M.Stanley funds face Tokyo property debt deadline

Wed Feb 16, 2011 6:06am EST

* MSREF faces loan deadlines on two $1 bln-plus Tokyo bldgs

* Loans on Shinagawa Grand Central Tower due April 15-sources

* Debt on former Shinsei headquarters matures in July-sources

* Blackstone would get sales rights to one if default-sources

By Junko Fujita

TOKYO, Feb 16 (Reuters) - Morgan Stanley funds could lose the
keys to two prime office buildings in Tokyo when the debt matures
in the next few months, sources said, the latest fallout from a
series of highly leveraged investments in the run-up to the
financial crisis.

Morgan Stanley (MS.N) was one of the most aggressive
investors in global property markets during a debt-fuelled boom
that fizzled out in 2008. Japan was one target region for
investments made through funds known as MSREF.

MSREF V, a $4.2 billion fund, faces an April 15 repayment
deadline for loans on the 32-storey Shinagawa Grand Central
Tower, which it bought for 140 billion yen ($1.67 billion) in
2004, two sources with direct knowledge of the transaction said.

Also, the $8.8 billion MSREF VI is confronting a decision on
the former headquarters of Shinsei Bank (8303.T) when debts on
that building -- bought in 2008 for 118 billion yen -- mature in
July, three sources familiar with that deal told Reuters.

The value of the properties has fallen well below that of the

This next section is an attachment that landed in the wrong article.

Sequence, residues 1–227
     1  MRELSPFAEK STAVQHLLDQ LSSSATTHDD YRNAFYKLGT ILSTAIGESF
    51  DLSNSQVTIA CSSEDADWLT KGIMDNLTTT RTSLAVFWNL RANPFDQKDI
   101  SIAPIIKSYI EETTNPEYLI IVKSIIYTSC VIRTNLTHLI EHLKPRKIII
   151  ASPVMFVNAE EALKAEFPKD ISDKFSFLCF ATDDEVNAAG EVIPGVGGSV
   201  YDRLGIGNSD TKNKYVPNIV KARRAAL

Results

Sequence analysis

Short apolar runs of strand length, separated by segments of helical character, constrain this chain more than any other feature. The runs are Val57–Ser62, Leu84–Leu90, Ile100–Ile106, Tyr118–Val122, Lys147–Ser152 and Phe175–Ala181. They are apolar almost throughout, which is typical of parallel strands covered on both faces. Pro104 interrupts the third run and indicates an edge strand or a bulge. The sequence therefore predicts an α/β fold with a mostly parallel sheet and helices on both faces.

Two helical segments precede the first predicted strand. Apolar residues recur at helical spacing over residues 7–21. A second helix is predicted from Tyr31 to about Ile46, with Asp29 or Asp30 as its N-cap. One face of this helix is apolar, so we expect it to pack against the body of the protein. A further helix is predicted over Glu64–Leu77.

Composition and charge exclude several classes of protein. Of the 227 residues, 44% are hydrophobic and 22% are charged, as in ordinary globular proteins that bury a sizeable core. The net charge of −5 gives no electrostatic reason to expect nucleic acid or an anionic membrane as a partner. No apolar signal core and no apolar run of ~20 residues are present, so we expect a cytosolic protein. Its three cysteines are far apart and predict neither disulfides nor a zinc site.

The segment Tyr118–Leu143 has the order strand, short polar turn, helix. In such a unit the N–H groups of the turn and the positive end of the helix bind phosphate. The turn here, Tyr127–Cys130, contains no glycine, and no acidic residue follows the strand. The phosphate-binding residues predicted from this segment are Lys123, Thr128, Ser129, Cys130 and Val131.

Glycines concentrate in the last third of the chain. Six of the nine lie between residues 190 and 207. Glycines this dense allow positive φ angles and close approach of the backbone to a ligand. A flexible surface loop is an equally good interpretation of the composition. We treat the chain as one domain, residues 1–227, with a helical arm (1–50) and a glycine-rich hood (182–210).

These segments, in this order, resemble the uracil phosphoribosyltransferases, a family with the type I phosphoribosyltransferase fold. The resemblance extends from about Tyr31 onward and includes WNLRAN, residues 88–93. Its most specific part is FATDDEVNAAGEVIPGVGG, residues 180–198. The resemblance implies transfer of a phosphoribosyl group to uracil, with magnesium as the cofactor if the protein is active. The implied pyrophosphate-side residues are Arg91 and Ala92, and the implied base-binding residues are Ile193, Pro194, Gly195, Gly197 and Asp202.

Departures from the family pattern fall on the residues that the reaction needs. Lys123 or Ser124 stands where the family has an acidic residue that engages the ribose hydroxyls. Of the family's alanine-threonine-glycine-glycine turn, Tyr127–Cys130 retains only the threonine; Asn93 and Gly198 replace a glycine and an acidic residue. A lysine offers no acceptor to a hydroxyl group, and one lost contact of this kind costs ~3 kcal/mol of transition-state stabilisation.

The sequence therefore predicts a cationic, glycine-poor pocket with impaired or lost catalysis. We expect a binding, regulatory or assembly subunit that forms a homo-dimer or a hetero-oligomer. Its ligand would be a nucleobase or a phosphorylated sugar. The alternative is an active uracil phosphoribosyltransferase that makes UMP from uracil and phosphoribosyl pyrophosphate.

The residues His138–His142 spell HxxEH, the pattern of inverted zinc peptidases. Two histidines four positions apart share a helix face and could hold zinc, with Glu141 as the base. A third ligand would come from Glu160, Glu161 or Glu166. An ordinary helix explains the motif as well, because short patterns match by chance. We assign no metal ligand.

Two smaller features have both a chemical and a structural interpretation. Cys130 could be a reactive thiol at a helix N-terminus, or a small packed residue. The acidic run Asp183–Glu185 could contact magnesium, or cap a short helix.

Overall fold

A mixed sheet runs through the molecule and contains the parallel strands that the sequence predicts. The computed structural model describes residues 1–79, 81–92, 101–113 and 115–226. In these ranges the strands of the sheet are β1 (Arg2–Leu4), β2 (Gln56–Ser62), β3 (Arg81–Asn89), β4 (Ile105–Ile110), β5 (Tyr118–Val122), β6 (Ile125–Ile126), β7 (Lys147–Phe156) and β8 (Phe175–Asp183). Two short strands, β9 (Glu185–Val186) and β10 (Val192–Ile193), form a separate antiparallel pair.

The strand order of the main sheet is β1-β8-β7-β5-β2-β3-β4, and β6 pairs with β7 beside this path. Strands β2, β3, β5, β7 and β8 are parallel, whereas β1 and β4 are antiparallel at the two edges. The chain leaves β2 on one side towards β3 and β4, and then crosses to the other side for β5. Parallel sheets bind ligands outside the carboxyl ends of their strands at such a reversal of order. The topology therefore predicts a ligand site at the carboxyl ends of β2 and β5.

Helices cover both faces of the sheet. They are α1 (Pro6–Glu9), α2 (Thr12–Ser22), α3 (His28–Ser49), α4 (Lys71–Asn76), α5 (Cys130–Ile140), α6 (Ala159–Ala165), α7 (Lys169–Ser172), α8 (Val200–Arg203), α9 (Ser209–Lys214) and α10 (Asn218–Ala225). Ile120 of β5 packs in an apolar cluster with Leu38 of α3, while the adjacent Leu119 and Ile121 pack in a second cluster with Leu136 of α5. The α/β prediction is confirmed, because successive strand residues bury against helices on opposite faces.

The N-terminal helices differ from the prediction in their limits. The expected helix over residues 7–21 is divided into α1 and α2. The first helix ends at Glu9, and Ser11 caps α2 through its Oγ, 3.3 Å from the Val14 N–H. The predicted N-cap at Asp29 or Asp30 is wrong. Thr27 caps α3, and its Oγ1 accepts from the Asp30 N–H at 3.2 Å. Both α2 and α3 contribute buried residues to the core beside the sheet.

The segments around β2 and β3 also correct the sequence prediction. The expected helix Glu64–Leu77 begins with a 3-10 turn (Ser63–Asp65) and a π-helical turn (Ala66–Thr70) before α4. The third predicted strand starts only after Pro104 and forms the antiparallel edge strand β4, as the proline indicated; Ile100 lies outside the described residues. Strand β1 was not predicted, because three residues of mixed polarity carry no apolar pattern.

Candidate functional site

debt, analysts and sources said, raising the prospect that the
funds will fail to repay or refinance the loans and hand control
of the buildings over to lenders.

Private equity firm Blackstone Group LP (BX.N) holds the most
junior portion of the debt on the Shinagawa building and
therefore would gain the right to market the building for seven
months from April if MSREF V defaulted on the loans, sources

The sources spoke on condition of anonymity due to the
sensitive nature of the matter. A Morgan Stanley spokeswoman in
Tokyo declined to comment.

A default would not likely come as a major surprise to
industry watchers. About a year ago, Moody's Investors Service
cut its ratings on securitised bonds which market experts say are
backed by the Shinagawa tower.

The most senior debt, or class A debt, was cut by two notches
to Aa2 (sf), class B debt was lowered by four notches to A3 (sf),
and class C downgraded six notches to Baa3 (sf).

"We downgraded the bonds based on an assumption that the
borrower may not be able to refinance the debt," said Koji
Kumamaru, an analyst at Moody's, which as a general policy does
not identify the specific properties backing rated bonds.